Local teacher selected Special Olympics Umpire
In June, Mrs. Marty Flowers, an Earth Science teacher at Gananda’s Ruben Cirillo High School, was granted the opportunity of a lifetime when she was selected to be a softball official for the Special Olympics 2014 Summer Games.
The USA Games were hosted by New Jersey from June 14-21, 2014. There were nearly 3,500 athletes competing in 16 Olympic-style team and individual sports, with the support of 1,000 coaches, 10,000 volunteers and 70,000 family, friends and spectators. The sports offered included: Aquatics, Athletics, Baseball, Basketball, Bocce, Bowling, Cycling, Flag Football, Golf, Gymnastics, Powerlifting, Soccer, Softball, Tennis, Triathlon and Volleyball.
Events were hosted at venues including Princeton University, Ryder College, College of New Jersey, and Mercer County Park. Players may have Downs Syndrome, or traumatic brain injuries – their conditions are not always obvious, and certainly, nothing holds them back from the job and joy of playing.
Marty who has been a teacher for 30 years at Gananda, has also played the game of Softball since she was 10 years old. “I have always played sports,” she explained. “I started with Macedon Recreation softball, and played sports through elementary, middle and high school at Pal-Mac. At Wells College she played Soccer, and when she graduated, she continued to play Softball on adult leagues until she was 47.
To be selected as an official for softball, Marty had to meet a number of rigorous qualifications. These included being a qualified official with the Amateur Softball Association (ASA), experience working a number of local and state level Special Olympic events, and recommendations from people she felt were “much more highly qualified than I!”
Her experience with Special Olympic sports stems from her association with Lee Prong, a Pastor at Williamson Presbyterian Church whose wife Demaris runs several group homes. He told me he needed help to work with kids playing in Special Olympic sports.
Marty has umpired since 1988 for Section V sports in Wayne County, first as a Slo-Pitch Softball umpire and then she transitioned to Fast Pitch.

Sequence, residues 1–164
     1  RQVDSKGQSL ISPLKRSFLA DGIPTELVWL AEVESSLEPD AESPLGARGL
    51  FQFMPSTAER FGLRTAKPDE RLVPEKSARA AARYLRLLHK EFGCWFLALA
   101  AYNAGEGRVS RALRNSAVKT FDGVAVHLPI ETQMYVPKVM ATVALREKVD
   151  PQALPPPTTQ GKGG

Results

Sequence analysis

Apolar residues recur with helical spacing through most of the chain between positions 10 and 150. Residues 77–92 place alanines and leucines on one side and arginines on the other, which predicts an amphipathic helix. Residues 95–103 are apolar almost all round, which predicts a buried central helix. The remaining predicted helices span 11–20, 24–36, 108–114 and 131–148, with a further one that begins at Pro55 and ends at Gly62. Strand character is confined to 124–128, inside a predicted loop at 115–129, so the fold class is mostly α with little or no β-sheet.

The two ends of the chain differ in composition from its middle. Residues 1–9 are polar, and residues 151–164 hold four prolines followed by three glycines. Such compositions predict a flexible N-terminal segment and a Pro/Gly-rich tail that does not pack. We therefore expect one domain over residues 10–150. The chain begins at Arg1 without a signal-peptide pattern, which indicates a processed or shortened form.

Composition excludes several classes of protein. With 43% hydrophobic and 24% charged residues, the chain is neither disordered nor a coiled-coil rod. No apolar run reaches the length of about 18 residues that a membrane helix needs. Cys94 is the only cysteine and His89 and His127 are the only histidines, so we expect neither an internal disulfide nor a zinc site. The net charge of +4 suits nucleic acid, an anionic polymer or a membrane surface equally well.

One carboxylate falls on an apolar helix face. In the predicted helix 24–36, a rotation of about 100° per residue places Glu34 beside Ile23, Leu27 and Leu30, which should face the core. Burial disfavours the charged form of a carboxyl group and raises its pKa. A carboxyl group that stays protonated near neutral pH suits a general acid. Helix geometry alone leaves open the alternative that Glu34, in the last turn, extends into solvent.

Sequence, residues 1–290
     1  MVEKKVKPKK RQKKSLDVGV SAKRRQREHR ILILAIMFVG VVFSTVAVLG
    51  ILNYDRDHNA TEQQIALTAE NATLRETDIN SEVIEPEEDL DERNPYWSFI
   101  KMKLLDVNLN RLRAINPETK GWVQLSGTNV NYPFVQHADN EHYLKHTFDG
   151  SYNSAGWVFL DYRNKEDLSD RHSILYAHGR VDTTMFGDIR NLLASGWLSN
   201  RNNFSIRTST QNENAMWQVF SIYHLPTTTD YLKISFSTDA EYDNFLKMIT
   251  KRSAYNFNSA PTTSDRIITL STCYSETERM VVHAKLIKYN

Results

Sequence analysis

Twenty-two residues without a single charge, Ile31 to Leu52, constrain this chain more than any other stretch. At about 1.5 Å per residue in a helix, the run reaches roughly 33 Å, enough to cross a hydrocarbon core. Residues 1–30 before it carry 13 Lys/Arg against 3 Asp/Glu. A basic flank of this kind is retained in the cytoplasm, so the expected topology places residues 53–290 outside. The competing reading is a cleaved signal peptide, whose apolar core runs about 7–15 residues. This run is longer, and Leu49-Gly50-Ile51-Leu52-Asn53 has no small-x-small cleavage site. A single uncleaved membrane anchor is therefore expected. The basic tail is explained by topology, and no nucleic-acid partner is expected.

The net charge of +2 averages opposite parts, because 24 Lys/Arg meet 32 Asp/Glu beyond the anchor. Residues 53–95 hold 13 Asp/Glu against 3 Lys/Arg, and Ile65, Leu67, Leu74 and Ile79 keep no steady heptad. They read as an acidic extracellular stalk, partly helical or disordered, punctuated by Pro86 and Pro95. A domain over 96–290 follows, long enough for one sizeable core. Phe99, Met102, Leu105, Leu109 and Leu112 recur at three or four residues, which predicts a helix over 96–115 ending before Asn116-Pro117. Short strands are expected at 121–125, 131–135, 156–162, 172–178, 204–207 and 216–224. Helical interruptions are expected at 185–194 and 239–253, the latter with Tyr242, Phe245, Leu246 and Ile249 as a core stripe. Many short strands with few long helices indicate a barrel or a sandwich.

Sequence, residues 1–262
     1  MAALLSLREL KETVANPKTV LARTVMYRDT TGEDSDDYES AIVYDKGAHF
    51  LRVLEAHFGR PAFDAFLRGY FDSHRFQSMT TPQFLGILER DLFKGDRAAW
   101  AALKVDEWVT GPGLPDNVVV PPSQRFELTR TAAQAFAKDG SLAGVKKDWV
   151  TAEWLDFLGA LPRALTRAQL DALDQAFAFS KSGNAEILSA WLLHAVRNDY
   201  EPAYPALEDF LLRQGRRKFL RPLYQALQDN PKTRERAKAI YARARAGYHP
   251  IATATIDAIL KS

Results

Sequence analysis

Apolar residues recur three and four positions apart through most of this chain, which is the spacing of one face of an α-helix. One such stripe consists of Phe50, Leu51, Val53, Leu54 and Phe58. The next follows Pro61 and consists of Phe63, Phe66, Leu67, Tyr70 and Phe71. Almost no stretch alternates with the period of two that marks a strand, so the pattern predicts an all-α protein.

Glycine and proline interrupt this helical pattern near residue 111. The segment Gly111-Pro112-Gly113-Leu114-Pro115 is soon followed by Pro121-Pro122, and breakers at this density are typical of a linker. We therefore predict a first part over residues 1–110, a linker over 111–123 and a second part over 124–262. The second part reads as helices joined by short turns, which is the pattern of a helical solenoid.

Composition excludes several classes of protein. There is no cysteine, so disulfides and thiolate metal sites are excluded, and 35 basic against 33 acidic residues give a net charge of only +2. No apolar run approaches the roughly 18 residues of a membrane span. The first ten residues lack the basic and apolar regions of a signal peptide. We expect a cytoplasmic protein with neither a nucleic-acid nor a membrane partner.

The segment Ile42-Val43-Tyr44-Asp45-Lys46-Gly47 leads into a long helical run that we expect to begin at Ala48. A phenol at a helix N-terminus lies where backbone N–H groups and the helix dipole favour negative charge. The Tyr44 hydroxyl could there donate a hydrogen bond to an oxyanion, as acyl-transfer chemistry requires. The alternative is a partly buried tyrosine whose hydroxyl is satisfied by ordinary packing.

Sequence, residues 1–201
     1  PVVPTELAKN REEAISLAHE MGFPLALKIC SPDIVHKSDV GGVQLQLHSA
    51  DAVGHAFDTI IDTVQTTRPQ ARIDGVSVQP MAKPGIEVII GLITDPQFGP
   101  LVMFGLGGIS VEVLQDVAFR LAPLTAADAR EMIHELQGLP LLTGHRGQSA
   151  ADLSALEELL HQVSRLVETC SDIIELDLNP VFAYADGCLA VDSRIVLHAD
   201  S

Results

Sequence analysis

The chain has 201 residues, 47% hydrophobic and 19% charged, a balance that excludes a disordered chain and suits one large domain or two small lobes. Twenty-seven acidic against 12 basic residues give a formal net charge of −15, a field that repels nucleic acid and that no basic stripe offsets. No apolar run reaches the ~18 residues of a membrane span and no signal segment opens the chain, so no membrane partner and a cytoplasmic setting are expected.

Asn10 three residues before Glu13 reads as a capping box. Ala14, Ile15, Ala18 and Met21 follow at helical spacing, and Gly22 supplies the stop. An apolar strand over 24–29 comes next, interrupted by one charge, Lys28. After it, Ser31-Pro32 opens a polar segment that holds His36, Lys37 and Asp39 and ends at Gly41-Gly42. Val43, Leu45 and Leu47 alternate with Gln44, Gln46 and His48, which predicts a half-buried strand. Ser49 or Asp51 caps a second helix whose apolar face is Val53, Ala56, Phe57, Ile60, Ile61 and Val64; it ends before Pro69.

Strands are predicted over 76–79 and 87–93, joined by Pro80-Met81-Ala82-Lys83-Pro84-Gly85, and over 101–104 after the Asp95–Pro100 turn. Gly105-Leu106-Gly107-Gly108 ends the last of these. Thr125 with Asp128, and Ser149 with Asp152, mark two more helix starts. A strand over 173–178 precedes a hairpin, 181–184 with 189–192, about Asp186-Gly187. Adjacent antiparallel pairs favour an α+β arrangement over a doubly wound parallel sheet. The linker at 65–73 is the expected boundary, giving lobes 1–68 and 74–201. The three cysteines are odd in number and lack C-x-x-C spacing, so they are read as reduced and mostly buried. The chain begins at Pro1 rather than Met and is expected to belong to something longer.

Special Olympic softball has two different types of competition. The Traditional Softball teams are comprised completely of athletes with intellectual impairments. The second type of competition is Unified Softball, which has athletes and partners in a 1:1 ratio. In either version, competition between the teams is focused the love of the sport. Athletes, coaches, spectators and officials are all there to enjoy the games and to uplift the athletes in their endeavors. Cheers, high fives and hugs are the order of every day and every game.
“I was a little sacred of the prospect of umpiring for the National Special Olympics. I did not know what the level of play would be, how tough it would be. It turned out to be the time of my life. These athletes play for the pure JOY of the game, and feel the thrill of doing their best. The hugs and high fives are as big a reward as the certificates and medals are” Marty noted.
“I had the honor and joy of working the traditional softball tournament,” said Flowers.
The teams came from Southern California, Texas, Nebraska, Alabama, Ohio, Pennsylvania, Michigan, Maryland, Florida and New Jersey. Each player was required to have meaningful competition. They played the field, came to bat and ran the bases. “I saw diving catches in the outfield, head first slides into second, and even a double play or two! With all of these and more, came the appreciation of a job well done,” commented the grateful official.
“I do not think that I can count the number of times that an athlete, coach or spectator thanked my partners and me for coming to their tournament. It is not an exaggeration to say that the thanks is actually ours,” she explained. It is far too easy for me to become wrapped up in my life, worrying about things that are unimportant in the grand scheme of things. These athletes wake up every morning with more challenges in their lives than I. However, they meet those challenges head on and with a positive attitude. The joy and thankfulness that the Special Olympians show is an inspiration to me.”
“I would like to thank so many who made this experience possible for me: Gananda Central School District, for granting me the time to go; ASA who has given me the training as an umpire; my family for dealing with a week without mom; and the Special Olympics organization and athletes who change lives,” Flowers expressed with gratitude.
The oath and creed of Special Olympics is: “Let me win. But if I cannot win, let me be brave in the attempt.” Special Olympics was the dream of Eunice Kennedy Shriver. Her passion for those with intellectual disabilities came, at least in part, because of her sister Rosemary who had intellectual challenges. Janet Froetscher is the current Chief Executive Officer (CEO).